Biodiesel : pour alimenter nos futures fermes
Le biodiesel, est un carburant fait à partir d'huiles végétales, de
suif de bœuf qui démontre aux fermiers qu'il existe déjà une solution
à la montée des coûts des carburants; une solution qui pousse et qui se
nourrit sur leurs propres pâturages.
Le biodiesel peut aussi être fait à partir des déchets d'huiles
végétales provenant des restaurants et des friteuses de toutes sortes.
Actuellement, il n'y a pas de source facilement accessible de biodiesel
au NB. Mais le Centre Falls Brook travaille sur des plans pour mettre en
place une usine de production de biodiesel dans la région.
Fuel for our Future Farms
By Michael Westlake,
Renewable Energy Program Coordinator,
Falls Brook Centre
the last few months, New Brunswick has witnessed the price of diesel
fuel jump nearly 12% (compared to its cost this time last year). Of
all consumers, the agricultural industry takes one of the hardest
blows. In Europe, soy and canola is booming and farmers are taking
advantage of lower fuel costs - partly thanks to a well-supported
renewable fuel industry.
(photo: Falls Brook Centre)
Biodiesel, a fuel that can be made from vegetable oil, beef tallow
or feedstock, is proving to farmers that they already have a solution
to rising fuel costs, a solution that is growing and grazing in their
own fields. In addition to crops being grown in farmer's fields,
biodiesel is also made with waste vegetable oil that can be recycled
from restaurants and fryers. The result is a higher lubricating fuel
that can be used in any diesel engine without conversion, and results
in less maintenance and quicker biodegradability.
Biodiesel treats the environment about as well as it treats one's
tank. It features emission reductions of major greenhouse gases, which
are directly linked to climate change, at more than eighty percent
that of petroleum diesel fuel. Biodiesel has additional advantages in
that it produces a nominal amount of soot or PAHs (polycyclic aromatic
hydrocarbons), major carcinogens which contribute to respiratory
disorders such as asthma.
Much of the global biodiesel supply is being produced from canola
oil, a commodity whose production in New Brunswick is rapidly
increasing. In Canada, a five-year average of 6(10)6 tons of canola
oil are produced each year, with an oil yield of nearly 40% of the
bulk weight. This translates to an availability of approximately
2.5(10)6 tons of raw canola oil being produced in Canada per year.
There emerges a debate, though, as to whether we should commit
fertile cropland towards fuel production over food. With New
Brunswick's major crop being potatoes, you can bet that the major
potato processing companies in New Brunswick are churning out a lot of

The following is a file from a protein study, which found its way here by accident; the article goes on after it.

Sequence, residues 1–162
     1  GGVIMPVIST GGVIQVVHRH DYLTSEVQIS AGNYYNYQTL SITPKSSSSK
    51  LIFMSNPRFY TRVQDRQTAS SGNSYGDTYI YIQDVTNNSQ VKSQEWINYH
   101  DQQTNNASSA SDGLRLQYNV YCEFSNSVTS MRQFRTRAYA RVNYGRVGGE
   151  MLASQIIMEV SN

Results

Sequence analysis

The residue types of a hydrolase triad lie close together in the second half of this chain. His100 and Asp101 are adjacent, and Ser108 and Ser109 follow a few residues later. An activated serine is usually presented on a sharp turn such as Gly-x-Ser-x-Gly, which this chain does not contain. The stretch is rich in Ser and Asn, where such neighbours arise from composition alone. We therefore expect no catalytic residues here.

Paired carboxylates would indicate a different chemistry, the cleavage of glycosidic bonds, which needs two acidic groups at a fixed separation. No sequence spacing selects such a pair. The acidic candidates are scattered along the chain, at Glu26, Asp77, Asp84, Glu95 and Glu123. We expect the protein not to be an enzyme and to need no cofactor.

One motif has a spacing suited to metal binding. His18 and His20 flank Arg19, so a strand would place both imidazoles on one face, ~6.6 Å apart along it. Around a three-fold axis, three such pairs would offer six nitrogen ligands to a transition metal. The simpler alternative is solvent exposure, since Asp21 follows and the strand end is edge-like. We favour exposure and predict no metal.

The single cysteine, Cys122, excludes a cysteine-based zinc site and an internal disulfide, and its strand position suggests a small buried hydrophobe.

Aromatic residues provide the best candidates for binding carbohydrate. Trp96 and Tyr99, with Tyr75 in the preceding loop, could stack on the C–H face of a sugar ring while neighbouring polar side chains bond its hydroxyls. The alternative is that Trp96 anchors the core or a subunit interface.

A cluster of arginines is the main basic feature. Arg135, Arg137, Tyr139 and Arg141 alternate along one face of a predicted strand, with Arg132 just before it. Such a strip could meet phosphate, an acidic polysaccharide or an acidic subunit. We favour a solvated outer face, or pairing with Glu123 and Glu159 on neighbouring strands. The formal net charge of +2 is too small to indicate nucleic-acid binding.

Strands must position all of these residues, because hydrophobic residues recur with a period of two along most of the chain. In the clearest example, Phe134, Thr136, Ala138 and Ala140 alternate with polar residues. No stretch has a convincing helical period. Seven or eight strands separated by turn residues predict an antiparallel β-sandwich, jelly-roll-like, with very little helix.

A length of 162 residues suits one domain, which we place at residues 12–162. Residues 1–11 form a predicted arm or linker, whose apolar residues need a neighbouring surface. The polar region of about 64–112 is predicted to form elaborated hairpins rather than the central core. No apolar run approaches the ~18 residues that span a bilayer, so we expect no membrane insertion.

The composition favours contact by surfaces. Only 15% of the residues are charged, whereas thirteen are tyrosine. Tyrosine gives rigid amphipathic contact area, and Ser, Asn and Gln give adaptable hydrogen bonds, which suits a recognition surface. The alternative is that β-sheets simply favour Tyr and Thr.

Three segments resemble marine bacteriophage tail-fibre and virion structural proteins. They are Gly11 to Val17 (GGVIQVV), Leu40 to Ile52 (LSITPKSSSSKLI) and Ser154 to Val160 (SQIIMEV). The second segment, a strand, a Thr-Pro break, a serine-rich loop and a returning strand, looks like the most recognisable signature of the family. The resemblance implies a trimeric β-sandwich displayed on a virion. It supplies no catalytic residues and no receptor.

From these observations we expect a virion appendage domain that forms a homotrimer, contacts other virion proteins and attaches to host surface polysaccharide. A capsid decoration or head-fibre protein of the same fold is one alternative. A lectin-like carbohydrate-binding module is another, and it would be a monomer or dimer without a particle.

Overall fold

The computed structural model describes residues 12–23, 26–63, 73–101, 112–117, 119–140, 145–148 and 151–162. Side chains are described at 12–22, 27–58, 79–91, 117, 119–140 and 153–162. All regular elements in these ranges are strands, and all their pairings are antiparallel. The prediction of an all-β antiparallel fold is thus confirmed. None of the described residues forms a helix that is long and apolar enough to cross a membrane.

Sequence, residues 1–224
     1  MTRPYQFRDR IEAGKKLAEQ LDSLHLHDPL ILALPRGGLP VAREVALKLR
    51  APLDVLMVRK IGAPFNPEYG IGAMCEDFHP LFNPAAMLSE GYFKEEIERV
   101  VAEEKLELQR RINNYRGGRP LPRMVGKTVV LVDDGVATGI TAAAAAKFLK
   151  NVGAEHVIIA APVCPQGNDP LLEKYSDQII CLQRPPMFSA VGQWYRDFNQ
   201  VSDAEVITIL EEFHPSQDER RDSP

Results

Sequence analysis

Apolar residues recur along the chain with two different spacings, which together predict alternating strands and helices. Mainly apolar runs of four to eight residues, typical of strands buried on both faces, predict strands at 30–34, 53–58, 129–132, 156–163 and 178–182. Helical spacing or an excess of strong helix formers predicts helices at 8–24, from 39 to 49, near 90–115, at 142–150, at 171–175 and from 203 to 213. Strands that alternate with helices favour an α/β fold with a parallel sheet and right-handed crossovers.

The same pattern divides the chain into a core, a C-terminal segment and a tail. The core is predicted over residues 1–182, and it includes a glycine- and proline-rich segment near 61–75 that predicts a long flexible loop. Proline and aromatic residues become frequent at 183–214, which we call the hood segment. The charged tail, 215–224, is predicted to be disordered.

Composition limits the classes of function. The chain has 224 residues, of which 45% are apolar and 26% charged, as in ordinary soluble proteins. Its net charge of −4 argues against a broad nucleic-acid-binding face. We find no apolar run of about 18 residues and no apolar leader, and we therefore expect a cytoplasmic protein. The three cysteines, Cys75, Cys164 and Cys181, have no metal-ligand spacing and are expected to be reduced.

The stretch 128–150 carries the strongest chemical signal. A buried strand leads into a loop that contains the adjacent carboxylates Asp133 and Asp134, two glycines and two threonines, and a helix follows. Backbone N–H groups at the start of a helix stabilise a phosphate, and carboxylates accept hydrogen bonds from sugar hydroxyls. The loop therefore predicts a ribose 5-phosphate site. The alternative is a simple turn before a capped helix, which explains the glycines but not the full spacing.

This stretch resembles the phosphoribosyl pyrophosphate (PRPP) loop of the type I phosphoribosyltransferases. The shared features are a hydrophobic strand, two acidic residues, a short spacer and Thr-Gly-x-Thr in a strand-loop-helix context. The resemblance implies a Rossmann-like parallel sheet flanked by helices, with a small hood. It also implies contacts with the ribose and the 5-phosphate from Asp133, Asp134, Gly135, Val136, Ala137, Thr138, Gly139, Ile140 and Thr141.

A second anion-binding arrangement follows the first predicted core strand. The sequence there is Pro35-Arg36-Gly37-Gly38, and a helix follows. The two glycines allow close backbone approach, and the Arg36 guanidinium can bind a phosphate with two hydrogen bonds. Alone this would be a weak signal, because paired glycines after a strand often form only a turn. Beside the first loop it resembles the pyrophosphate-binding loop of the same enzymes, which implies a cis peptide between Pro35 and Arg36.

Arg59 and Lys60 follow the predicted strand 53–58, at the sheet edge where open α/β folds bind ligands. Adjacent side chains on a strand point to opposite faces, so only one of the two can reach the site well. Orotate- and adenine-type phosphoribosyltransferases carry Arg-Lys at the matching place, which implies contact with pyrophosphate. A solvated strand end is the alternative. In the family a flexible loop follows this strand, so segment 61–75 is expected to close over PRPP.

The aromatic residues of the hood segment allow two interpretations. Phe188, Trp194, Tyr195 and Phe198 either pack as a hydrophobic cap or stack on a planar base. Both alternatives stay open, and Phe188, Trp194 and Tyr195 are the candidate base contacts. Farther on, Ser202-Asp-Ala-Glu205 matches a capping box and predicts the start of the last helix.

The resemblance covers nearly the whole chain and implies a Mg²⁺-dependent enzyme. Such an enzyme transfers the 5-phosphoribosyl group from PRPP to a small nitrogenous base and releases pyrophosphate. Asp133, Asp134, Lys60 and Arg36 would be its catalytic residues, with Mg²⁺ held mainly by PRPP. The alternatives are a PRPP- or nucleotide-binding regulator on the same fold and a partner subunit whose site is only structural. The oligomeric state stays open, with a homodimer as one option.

waste vegetable oil. While much of this deep-frying oil is being
streamed into dumps and the secondary oil market, therein lies a
viable source for biodiesel production.
Despite this vast availability of waste vegetable oil, the question
remains: Will farmers make the switch to biodiesel from their trusted
petroleum diesel? I had the opportunity to speak with Weitze Dykstra,
of Dykstra Farms. Dykstra operates a dairy farm just outside of
Knowlesville and is excited about the potential benefits biodiesel can
have for his operation. "Any way in which waste can be re-used
makes practical sense," he said. His farm equipment includes two
Case tractors and a John Deere.
Case International officially approves the use of biodiesel in
blends up to five percent in their engines and assures farmers that
its use will not affect the engine warranty. John Deere also approves
all blends under five percent and further stipulate that its
"engines are equipped with fuel injection pumps that are
compatible with Biodiesel". Both company websites further offer
tips on biodiesel usage, storage, purchasing, and maintenance for
farmers. In field trials with John Deere tractors, it was found that
the viscous fan, automated to engage when cooling needs are essential,
always operated with biodiesel blends while seldomly engaging with
100% petroleum diesel. Although it was found that engine power was
reduced, this decline was found to be marginal, 1-3%, in comparison to
Biodiesel does have its drawbacks on farm equipment. Fuel
efficiency, for instance, suffers a 7% decrease and cold starting
tendencies are at somewhat higher temperatures. But these
discrepancies are offset by biodiesel's higher combustion efficiency
(a 7% increase) and lower energy balance ratio (energy input compared
to energy output).
Most companies require that biodiesel meet regulatory
specifications in order for it to be certifiable for engine use. In
particular, the criterion set out by the American Standards and
Testing Measures (ASTM) ensure standardized levels of the fuel's
viscosity (how quickly it gels in the cold) and its rate of ignition.
As for fueling your tank with biodiesel in New Brunswick, there is
no readily available source. As biofuel and biotech companies begin
slowly sprouting biodiesel production operations across the country,
and the government leisurely greases its wheels, the best bet for
rapid advancement of the fuel is community-scale production; farmers,
rural dwellers, and community cooperatives are taking the lead on
igniting production towards fuelling our future. Recognizing this, the
Falls Brook Centre is currently working on plans for a biodiesel
production facility in the local area. As a recent study appearing in
Bioresource Technology asserted, there is a need "to have this
added value [of biodiesel from food products] go to farmers and rural
economies instead of to specific national companies."